Author Topic: Need help in RTP area  (Read 1084 times)

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Offline blueskull

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Need help in RTP area
« on: March 23, 2016, 11:34:58 pm »

Is there any X99/2011-3 computer owner living in eastern North Carolina and is willing to help me? I have a E5 2696v3+X99 build that will not post. I visited local Intrex and BestBuy, and none of them carry X99 or 2011-3 processors.
I will be very appreciate if anyone owning this platform can help be cross diagnose whether my CPU or mobo is DOA. I already ruled out the possibility of other parts being broken.
My location: Raleigh, I am willing to drive to your place, any place within 4 hours of driving.

Thanks in advance!!!

Offline evb149

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Re: Need help in RTP area
« Reply #1 on: March 24, 2016, 01:13:13 am »
Unfortunately I am not in the area and I don't have any specific experience with that type of hardware, but in case it is helpful I'll mention a few of the things that I have encountered in the past with PCs that would not finish POST in case something by chance could help.

(a) Sometimes I have had the battery backed memory settings that hold the BIOS HW configuration become corrupted or get set into some state that would not let it work due to some BIOS bug.  In such cases I have had to use the "clear CMOS / clear battery backed RAM" instructions for the motherboard when the motherboard was unplugged from mains AC power (usually there is a memory reset / settings clear jumper for this purpose though sometimes just removing the battery for a few minutes is needed).  After clearing the memorized HW configuration it was possible to enter the BIOS configuration screens and set the necessary parameters for future use.

(b) Sometimes due to BIOS bugs some perfectly reasonable seeming BIOS parameter settings would sometimes cause a hard lockup of the PC during POST.  Usually associated with the behavior of a certain peripheral that would be in a state different than the PC had previously worked under.  Example: USB mass storage boot mode being enabled and some USB flash drive or USB device which wouldn't have a valid OS on it would still cause it to lock up while trying to parse the partition or boot information that wasn't supposed to be valid anyway.  Example: USB peripheral of some type or configuration that would crash the USB probing routines in the PC BIOS -- USB HUB, USB scanner, USB KVM switch, monitor with built in USB HUB,  could be anything.  Trying to access IDE/SATA drives that were reformatted or not ready or simething.  Other than resetting the BIOS settings to try to access as little peripheral as possible, it was often useful for diagnosis to unplug *every* peripheral possible (sometimes even keyboard / mouse) and see if that helped.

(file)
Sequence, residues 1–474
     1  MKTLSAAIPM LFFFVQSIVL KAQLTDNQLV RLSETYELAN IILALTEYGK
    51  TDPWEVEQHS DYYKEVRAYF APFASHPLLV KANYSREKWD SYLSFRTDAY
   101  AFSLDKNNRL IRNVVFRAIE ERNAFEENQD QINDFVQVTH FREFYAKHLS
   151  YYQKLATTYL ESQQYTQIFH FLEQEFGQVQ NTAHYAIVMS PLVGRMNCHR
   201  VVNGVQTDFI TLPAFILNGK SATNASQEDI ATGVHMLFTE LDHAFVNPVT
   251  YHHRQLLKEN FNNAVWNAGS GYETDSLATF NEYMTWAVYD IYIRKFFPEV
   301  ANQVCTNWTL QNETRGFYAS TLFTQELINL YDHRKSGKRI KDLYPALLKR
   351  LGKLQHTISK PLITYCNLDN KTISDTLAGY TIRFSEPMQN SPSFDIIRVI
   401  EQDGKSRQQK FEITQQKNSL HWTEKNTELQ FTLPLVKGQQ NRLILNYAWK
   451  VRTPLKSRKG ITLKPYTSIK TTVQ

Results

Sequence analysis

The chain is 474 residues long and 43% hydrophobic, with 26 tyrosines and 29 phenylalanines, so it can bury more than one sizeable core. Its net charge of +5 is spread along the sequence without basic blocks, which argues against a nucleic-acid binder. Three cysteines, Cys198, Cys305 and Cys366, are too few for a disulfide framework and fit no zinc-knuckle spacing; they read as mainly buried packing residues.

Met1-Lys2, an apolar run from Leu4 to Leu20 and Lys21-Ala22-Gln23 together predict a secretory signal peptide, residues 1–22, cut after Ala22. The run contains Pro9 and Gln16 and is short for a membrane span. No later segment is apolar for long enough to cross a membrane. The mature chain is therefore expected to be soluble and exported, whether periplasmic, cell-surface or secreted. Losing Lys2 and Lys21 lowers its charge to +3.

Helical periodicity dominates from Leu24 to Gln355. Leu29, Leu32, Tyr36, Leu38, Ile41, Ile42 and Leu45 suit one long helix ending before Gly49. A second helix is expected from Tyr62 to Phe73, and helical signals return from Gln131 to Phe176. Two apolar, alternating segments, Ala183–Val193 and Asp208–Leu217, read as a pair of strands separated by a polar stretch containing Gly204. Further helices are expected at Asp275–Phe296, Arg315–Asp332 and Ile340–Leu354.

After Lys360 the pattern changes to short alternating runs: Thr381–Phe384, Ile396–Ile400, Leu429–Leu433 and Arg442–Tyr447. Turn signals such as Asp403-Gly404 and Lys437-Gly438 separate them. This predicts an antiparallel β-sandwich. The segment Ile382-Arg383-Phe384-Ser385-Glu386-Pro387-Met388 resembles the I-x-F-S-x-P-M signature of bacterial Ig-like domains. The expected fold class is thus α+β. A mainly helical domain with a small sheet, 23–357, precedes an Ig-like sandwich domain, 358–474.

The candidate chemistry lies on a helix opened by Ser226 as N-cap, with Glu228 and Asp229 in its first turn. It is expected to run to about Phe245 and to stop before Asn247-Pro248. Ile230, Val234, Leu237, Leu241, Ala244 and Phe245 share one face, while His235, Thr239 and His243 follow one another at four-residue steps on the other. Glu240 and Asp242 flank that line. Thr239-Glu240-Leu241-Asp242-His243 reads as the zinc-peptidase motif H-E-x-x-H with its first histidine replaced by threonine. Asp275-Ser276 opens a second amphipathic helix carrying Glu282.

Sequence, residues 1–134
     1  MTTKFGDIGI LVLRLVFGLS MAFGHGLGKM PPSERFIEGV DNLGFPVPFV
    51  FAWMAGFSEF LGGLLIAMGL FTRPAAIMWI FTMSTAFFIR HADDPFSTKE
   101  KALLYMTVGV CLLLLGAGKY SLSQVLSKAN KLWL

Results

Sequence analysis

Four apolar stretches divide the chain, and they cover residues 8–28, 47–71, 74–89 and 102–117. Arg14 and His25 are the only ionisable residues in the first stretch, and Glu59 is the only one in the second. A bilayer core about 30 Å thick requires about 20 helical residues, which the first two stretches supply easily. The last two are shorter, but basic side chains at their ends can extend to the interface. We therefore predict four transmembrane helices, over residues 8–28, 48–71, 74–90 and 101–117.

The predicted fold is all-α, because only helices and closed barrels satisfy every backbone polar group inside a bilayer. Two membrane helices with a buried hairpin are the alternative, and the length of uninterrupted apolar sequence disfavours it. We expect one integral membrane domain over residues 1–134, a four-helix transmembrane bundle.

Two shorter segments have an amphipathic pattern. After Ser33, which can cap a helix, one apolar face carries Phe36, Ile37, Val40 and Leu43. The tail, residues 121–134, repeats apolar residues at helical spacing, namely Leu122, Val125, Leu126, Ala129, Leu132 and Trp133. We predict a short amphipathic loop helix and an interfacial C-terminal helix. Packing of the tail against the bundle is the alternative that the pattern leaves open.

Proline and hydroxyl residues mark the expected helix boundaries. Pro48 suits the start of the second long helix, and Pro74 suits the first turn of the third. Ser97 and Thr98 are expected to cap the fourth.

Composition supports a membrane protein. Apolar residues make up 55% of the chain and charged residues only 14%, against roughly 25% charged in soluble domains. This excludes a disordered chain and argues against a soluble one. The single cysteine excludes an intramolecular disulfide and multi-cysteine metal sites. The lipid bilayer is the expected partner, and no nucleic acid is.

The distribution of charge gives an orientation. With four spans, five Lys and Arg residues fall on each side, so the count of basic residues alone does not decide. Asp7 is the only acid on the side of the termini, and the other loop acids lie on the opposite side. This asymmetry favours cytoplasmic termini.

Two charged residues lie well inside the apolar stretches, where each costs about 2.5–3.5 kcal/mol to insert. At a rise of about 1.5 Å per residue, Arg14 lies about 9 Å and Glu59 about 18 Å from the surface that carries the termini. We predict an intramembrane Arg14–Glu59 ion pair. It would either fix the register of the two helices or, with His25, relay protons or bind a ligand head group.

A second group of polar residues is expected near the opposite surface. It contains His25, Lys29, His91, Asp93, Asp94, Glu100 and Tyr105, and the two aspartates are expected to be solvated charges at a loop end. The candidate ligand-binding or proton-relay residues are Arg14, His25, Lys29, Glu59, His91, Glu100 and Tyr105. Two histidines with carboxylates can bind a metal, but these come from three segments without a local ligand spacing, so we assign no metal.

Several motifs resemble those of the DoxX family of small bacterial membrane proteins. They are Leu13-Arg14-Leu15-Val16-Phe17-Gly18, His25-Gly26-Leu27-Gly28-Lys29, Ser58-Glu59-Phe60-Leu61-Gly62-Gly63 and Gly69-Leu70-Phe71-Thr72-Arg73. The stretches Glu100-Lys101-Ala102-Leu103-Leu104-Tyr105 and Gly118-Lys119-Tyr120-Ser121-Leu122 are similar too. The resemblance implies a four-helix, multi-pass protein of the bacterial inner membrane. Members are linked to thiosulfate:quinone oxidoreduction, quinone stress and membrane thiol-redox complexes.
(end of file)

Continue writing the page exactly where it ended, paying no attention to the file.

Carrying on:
(c) even without the use / presence of some peripheral some BIOS options would just cause the PC to run unstably or lock up.  Obviously any incorrect timing / voltage settings could do it, but also sometimes just functions that were buggy in some way or which don't behave as expected / remembered.  BIOS monitoring your CPU / system FAN speeds against a threshold and some fan inputs are disconnected or not in range?  BIOS montioring system temperature and the temperature is read as out of range and causes a halt?  BIOS configured for certain RAM settings that aren't possible or reliable?

(d) Defective or improperly inserted DRAM DIMMs.  Remove, clean the contacts, reinsert properly all memory.

(e) CPU socket malfunction, check for partially or incorrectly inserted CPU.  Sometimes the heatsink-fan assembly could cause the shifting of the CPU in the socket or maybe the socket ZIF wasn't latched fully or something.

(f) Some peripheral with a short circuit or overcurrent condition that causes the PSU voltages to be out of specification.  Try disconnecting disc drives, SSDs, adapter cards, USB, SATA, audio, video peripheral connections and if a connection is essential to reach POST then try some temporary replacement.  Often just RAM, Keyboard, and possibly GPU are enough to get a PC to at least start to post.  Some PCs can post even with no GPU (which often can fail due to their extreme complexity and fragility vs. thermal and cooling problems).